HierarchyVersusFacetsVersusTags See ClassificationPaperOutline2 for a more up-to-date version of this paper. The problem of where to file: Is it possible to construct the perfect classification system? A truly first-rate hierarchy would not only have all of the characteristics of FN's hierarchy [_hey - what's an 'FN'?_], but it would also manage to encode the hierarchy in such a way as to eliminate all ambiguity as to where an item might be found. FN comes pretty close. But you can always imagine that it might be hard to decide where that sock garter really goes? [As a result, Hierarchies are horrible at #3: Targeted search and retrieval of individual items. But as you'll, see this is a problem even in faceted classification systems. How the cookie crumbles: The ways in which hierarchies fail: Nobody builds semantically pure hierarchies, it's just too much work. Look at the Finder screenshot on the HierarchyPapers. [More reasons why hierarchies are bad at #3: Targeted search and retrieval of individual items] 1. 3. 4. 1.
H2O Playlist: Home TAGora » Tagging Discover social tagging websites | Learn how to use them Social tagging websites Social online tagging is one of the core activities of the so-called Web2.0. Therefore, there are dozens of social tagging websites, and it is virtually impossible to draw a complete list of them. Del.icio.us is the world-wide reference site for social bookmarking. Flickr.com allows users to upload and tag your photos, browse others’ ones and join groups of users with similar interests. Last.fm Users of last.fm listen to music online for free. Bibsonomy.org is a collaborative website for collecting, sharing and organizing scientific citations and bookmarks. CiteULike.org like Bibsonomy, allows users to save references to academic literature. Connotea.org Another social tagging systems for scholars, much like Bibsonomy and CiteUlike. Diigo.com is a social bookmarking website where, besides the usual tagging functions, users can highlight and add sticky notes to the webpages they post.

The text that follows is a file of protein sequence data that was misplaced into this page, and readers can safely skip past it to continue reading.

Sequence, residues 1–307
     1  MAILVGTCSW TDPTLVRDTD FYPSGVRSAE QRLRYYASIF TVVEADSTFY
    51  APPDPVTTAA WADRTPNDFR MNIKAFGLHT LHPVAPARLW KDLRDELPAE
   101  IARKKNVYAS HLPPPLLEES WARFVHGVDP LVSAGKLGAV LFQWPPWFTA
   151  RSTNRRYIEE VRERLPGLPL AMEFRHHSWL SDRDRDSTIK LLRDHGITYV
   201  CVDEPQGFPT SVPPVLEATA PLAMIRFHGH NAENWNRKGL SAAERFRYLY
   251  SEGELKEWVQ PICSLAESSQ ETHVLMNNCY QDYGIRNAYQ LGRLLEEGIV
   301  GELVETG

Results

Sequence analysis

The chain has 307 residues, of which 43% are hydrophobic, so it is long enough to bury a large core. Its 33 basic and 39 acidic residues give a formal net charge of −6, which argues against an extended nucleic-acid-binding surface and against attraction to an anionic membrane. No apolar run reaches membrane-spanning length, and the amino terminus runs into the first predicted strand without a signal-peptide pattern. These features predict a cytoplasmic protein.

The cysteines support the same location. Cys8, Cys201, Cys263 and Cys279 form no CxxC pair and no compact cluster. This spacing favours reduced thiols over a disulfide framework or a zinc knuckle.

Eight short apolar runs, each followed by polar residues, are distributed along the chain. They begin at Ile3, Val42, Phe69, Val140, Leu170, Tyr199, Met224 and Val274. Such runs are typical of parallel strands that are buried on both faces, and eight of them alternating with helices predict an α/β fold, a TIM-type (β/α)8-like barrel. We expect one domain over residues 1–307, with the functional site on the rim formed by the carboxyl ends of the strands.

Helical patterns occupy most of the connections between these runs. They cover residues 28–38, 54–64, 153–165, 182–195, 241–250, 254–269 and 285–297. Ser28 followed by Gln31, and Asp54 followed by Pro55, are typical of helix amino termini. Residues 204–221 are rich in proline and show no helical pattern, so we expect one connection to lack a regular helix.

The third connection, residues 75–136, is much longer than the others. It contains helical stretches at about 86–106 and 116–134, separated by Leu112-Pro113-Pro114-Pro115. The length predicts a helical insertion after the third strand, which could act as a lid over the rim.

Common Sense Computing Initiative | at the MIT Media Lab Years ago, we made a decision to put all our Python packages in a common namespace called csc . To put it simply, this did not work well. Today, we have finally undone this decision by deprecating the csc namespace and renaming every single one of our modules. Python programmers, please learn from our mistake and never make a namespace package. If you upgrade our software, you'll get more straightforward names for our modules. The new releases are ConceptNet 4.0.0 , Divisi2 2.2.0 , csc-utils 0.6 , and a new package called simplenlp 0.9 . The new names to import are: csc.conceptnet → conceptnet csc.divisi2 → divisi2 csc.nl → simplenlp csc.util → csc_utils csc.corpus → conceptnet.corpus csc.lib → conceptnet.lib csc.django_settings → conceptnet.django_settings csc.pseudo_auth → conceptnet.pseudo_auth csc.webapi → conceptnet.webapi There's still a package called csc , and basically what it's there for is to make your old code keep working.
Folksonomy An empirical analysis of the complex dynamics of tagging systems, published in 2007, has shown that consensus around stable distributions and shared vocabularies does emerge, even in the absence of a central controlled vocabulary. For content to be searchable, it should be categorized and grouped. While this was believed to require commonly agreed on sets of content describing tags (much like keywords of a journal article), recent research has found that, in large folksonomies, common structures also emerge on the level of categorizations. Accordingly, it is possible to devise mathematical models of collaborative tagging that allow for translating from personal tag vocabularies (personomies) to the vocabulary shared by most users. Origin Folksonomy is a type of collaborative tagging system in which the classification of data is done by users. There are two different groups of folksonomies. Semantic Web Library Catalogs Folksontology See also
As of a recent post on Google Books and the research of History, our quiet little blog here on academic history, activism, and spirituality has suddenly gotten more notoriety than it's accustomed to. Hi world! Thanks for stopping by. To carry on with the thread of how information travels for academics, and what the 'net is doing, let's talk about another of my favorite sites for research, del.icio.us. Delicious is the Rome, Jerusalem, and Paris of my existence as an academic these days. It's where I make my friends, how I get the news, and where I go to trade. Why? 1) it sorts things. For two years I've been using Delicious as an information organizer. The result is a navigable taxonomy of my thoughts. After a year of using delicious for my own bookmarks, helping other people find things becomes remarkably easy. Second reason delicious is cool: 2) it makes things public. Not only can you look at your own bookmarks, but you can also look at others'. I don't check in with them.